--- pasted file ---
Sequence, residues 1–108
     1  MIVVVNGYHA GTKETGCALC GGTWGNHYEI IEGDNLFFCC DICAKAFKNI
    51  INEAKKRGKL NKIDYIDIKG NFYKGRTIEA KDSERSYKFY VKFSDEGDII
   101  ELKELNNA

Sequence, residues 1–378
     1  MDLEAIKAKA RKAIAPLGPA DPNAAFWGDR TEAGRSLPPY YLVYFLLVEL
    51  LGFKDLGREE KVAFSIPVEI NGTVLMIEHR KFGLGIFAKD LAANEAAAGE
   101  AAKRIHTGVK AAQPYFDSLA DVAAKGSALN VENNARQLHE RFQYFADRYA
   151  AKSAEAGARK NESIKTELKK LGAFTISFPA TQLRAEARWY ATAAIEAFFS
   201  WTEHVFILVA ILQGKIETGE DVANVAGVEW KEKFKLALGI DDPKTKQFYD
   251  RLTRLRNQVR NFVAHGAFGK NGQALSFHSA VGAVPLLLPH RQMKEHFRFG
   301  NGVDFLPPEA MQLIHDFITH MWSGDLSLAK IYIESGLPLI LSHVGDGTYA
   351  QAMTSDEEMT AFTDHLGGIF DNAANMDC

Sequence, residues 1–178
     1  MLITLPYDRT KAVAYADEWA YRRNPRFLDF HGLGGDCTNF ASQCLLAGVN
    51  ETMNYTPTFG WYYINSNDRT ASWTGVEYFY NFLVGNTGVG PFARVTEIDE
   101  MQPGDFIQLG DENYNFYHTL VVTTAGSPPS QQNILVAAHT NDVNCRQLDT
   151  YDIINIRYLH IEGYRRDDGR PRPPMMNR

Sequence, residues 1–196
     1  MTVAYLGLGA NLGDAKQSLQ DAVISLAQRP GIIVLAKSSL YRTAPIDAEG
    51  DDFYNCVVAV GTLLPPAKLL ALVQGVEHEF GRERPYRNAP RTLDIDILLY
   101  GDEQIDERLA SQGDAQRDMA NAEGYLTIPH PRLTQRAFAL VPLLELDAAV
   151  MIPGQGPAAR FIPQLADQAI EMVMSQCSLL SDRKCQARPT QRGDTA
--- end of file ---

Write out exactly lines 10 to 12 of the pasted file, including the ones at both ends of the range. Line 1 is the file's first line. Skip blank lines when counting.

   201  WTEHVFILVA ILQGKIETGE DVANVAGVEW KEKFKLALGI DDPKTKQFYD
   251  RLTRLRNQVR NFVAHGAFGK NGQALSFHSA VGAVPLLLPH RQMKEHFRFG
   301  NGVDFLPPEA MQLIHDFITH MWSGDLSLAK IYIESGLPLI LSHVGDGTYA